NOTES: Final chapter of The Dragon's Son!

Legends Of Camelot

Book 2

The Dragon's Son

chapter iii

They ride out of Camelot to the cheers and farewells of the townspeople who only know that the day is grey and miserable with the rains of spring, and that their king is young and handsome and riding out of the city with a dozen of his knights and a scarecrow dressed in a prince's cast-offs.

So perhaps 'scarecrow' is a little harsh. Merlin actually looks presentable in a set of Arthur's cast-offs, trimmed down for his lighter frame and simplified appropriate to a yeoman's status. He doesn't look quite so much like a waif who's just happened to find a good set of clothing and a horse.

"Do they have the faintest idea what we're doing?" Merlin inquires as they ride out, their cloaks flapping around and behind them as the people cheer and wave and hold their children up to see the King and his knights.

"Probably not." Arthur calls over the neck of his horse. He doesn't mention that he hardly has any idea what they're doing, other than going to reclaim the sword.

Of course, this doesn't stop Merlin from commenting on it. "You don't know what we're doing either, do you?"

"I am the king. You could show some courtesy." They're out the gates of the town now, and on the road to the forest, hooves clattering on the hard dust.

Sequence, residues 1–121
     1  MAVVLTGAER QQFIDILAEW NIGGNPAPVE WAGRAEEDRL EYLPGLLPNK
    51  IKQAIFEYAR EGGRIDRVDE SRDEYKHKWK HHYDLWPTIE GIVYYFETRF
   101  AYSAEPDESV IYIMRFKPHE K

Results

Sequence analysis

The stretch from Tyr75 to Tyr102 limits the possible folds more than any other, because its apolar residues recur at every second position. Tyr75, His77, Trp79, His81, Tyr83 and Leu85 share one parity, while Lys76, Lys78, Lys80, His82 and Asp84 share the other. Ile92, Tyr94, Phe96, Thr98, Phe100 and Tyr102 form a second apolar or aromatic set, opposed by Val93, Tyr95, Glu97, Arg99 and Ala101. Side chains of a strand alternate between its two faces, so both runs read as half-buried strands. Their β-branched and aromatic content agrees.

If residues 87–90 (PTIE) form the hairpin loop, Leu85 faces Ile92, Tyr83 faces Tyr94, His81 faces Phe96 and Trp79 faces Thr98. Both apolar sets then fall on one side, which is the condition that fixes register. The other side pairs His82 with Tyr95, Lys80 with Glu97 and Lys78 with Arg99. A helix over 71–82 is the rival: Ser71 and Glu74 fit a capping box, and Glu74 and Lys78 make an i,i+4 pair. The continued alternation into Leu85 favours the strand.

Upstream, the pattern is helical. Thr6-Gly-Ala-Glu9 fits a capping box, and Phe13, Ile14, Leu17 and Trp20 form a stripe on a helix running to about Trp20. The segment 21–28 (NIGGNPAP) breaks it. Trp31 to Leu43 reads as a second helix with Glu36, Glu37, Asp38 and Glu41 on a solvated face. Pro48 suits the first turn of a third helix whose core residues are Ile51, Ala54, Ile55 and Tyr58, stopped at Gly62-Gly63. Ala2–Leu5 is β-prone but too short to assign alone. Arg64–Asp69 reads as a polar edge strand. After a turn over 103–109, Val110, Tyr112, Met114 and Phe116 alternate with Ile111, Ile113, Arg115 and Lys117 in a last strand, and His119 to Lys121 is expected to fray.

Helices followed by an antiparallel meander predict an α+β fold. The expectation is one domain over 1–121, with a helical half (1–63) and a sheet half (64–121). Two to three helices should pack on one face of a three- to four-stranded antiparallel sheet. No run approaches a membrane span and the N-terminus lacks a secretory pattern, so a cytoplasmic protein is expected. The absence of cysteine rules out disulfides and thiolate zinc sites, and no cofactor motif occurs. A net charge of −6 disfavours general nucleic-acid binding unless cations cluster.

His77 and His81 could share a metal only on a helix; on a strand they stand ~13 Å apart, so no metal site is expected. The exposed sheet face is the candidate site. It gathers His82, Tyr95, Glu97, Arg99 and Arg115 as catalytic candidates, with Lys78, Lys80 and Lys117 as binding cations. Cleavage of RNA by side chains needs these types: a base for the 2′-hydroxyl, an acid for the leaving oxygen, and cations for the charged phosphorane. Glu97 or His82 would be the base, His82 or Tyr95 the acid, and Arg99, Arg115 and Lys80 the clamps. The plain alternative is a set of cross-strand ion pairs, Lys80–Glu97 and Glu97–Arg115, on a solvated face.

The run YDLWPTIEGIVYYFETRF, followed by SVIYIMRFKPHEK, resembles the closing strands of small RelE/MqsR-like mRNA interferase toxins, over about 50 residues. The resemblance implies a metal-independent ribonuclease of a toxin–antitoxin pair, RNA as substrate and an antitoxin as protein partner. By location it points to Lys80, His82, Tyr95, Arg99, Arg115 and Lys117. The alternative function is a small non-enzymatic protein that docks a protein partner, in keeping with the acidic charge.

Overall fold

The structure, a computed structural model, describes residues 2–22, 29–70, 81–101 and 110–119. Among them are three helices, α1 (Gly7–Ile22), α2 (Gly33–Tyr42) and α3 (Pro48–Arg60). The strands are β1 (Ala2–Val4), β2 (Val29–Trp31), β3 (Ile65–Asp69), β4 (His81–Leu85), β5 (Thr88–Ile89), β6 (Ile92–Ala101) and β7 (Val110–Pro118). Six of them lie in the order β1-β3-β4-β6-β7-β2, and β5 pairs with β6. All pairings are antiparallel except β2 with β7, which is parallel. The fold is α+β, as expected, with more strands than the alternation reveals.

"I could."


"Yes, sire?"

"Shut up and don't fall off your horse."

"I haven't fallen off in ye--" Even while jouncing up and down on the back of the horse, Merlin catches Arthur's glare. "Right. Shutting up."

They take the trail that leads off through the forest, heading up into the hills, then down into the valley. After they reach the forest, Merlin takes point, his mount delicately picking its way through the leaves still slippery from the morning damp.

They're deep in the forests now, tending south, and the scrub is growing thicker, no longer just the trees and deadfalls on last year's leaves, but clumps of green that are already showing signs of budding and bloom. It's spring and the world is green and growing - a new season for a new king, said Gaius yesterday.

The new king feels at once old and jaded, and new and unnerved. Arthur does what's required of him as King, but there's a part of him that yearns to be just 'Prince Arthur' again, subject to his father the king.

It was simpler that way; maybe not always comfortable, not often right, but simpler.